Crane collapses at One57, as hurricane winds pick up speed

New York /
Oct.October 29, 2012 03:00 PM

[Updated 4:04 p.m.] As Hurricane Sandy barrels down on New York City, a construction crane has collapsed at One57, the ultra-luxury Midtown condominium, The Real Deal has learned. While it was not immediately clear what caused the break, wind gusts had reached up to 90 miles per hour in the neighborhood, according to news reports.

A Town Residential executive, who has a direct view of the site from his home, heard a “snap” and saw the crane dangling, according to Town manager Wendy Maitland. He called the police, who arrived on the scene within 15 minutes, but he continues to hear creaking and “very disturbing” noises, she said.

When called for comment, One57 developer Gary Barnett said, “Can’t talk now.” Earlier, he told the New York Observer that “We don’t know anything yet. We’re doing everything we can, and hopefully no one is going to get hurt.”

A spokesman for the New York Police Department said there were no known injuries. He was unable to provide additional details of what is happening at the site, saying only that the process is “ongoing.”

A city alert said that occupants of Buildings On West 57th Street between Sixth and Seventh avenues – the same block as One57 – “must immediately move” to lower floors. Buildings on that stretch include the Metropolitan Tower condos and Carnegie Hall.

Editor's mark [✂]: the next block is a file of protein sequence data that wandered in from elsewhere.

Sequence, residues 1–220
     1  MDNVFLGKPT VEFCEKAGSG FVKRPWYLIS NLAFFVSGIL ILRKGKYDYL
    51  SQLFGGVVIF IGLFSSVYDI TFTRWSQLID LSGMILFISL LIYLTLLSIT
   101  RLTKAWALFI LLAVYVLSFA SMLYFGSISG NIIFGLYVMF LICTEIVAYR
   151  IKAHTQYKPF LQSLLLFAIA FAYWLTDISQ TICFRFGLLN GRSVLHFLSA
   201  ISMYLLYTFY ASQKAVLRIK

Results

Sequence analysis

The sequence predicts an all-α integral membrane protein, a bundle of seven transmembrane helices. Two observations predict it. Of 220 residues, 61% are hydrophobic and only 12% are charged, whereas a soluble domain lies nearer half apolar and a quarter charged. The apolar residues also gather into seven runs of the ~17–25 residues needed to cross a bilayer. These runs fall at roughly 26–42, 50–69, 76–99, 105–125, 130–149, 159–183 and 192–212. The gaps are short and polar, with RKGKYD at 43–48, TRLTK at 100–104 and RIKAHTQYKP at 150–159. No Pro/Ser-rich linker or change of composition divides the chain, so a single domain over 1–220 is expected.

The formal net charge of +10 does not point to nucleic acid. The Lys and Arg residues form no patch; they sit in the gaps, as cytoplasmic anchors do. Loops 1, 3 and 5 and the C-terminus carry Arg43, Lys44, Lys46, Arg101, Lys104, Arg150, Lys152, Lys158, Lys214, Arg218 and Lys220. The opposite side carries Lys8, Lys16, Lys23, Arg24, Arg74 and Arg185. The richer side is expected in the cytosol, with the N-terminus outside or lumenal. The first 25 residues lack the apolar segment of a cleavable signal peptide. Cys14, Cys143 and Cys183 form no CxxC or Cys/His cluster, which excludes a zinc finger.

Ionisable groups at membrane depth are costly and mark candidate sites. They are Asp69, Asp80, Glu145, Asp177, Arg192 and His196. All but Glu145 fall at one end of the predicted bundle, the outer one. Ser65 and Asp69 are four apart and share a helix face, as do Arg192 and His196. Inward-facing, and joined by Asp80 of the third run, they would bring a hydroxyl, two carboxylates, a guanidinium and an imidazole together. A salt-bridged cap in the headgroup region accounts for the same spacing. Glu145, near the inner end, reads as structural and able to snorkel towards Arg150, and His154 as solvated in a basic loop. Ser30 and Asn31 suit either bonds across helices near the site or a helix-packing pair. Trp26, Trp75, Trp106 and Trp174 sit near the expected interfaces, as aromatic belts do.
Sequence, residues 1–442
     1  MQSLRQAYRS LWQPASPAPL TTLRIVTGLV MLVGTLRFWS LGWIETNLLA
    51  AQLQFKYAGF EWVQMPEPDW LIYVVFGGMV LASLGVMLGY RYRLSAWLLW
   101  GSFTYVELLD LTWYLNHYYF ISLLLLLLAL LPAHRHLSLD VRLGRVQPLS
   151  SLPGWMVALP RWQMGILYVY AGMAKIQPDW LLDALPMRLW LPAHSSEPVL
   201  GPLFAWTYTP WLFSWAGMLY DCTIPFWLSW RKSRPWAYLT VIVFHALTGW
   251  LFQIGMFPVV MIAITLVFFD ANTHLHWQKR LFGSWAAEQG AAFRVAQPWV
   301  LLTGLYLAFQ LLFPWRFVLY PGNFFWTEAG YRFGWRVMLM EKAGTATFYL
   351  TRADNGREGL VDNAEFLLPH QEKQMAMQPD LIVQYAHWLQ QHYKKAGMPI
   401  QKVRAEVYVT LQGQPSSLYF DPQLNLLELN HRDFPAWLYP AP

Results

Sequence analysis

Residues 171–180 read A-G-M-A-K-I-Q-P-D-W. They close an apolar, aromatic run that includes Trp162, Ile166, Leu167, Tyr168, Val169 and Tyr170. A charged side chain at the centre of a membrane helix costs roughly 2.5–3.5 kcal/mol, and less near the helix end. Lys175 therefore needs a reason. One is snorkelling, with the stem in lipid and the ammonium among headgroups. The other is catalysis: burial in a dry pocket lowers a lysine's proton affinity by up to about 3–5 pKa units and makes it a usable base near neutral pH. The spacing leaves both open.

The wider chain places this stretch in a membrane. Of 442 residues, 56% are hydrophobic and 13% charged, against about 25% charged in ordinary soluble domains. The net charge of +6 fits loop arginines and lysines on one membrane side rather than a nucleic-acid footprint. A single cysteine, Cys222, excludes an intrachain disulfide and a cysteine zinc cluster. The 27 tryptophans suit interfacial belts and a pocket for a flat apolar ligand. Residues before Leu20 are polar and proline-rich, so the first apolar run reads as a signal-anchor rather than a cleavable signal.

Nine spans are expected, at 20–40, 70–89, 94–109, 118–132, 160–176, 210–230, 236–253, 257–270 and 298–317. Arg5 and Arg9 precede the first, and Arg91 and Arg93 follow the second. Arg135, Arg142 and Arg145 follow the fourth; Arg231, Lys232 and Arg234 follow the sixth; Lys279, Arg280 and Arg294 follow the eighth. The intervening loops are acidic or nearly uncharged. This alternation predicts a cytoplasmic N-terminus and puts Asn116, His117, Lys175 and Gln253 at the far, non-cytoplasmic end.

“Citizens are advised to avoid this area,” the alert continued. “Follow instructions of emergency personnel.”

This is not the first high-profile crane accident on record in Manhattan, but it is significant because of the close attention being paid to One57, which has become something of a “billionaire’s club” for buyers interested in ultra-luxury apartments. The building is set to be the tallest residential tower in the city when construction is complete.

Maitland, who has sold several units there, including one for more than $45 million, said the collapse at One57 was evidence of Hurricane Sandy’s power – and not shoddy construction.

“It means that the hurricane does not discriminate,” she said. “It doesn’t give VIP or special treatment to anyone.”

In 2008, a crane collapsed at a planned condo development at 303 East 51st Street in Turtle Bay, killing two people and injuring several others. That site has since traded hands to HFZ Capital, with an investment from CIM Group, but construction has yet to resume.

That same year, a crane collapsed at the Azure at 333 East 91st Street, which delayed sales. The building is now mostly sold.

However, Maitland stressed that the situations are markedly different, given the severe weather affecting New York City and surrounding areas.

“It’s impossible to say if or how it’s going to affect the project,” Maitland said. “But what I can tell you I see is [that] this is more a reflection of the severity of the storm than a problem in the construction.”

Dan Tubb, One57’s director of sales, was not immediately available for comment, nor was a representative for the Department of Buildings.


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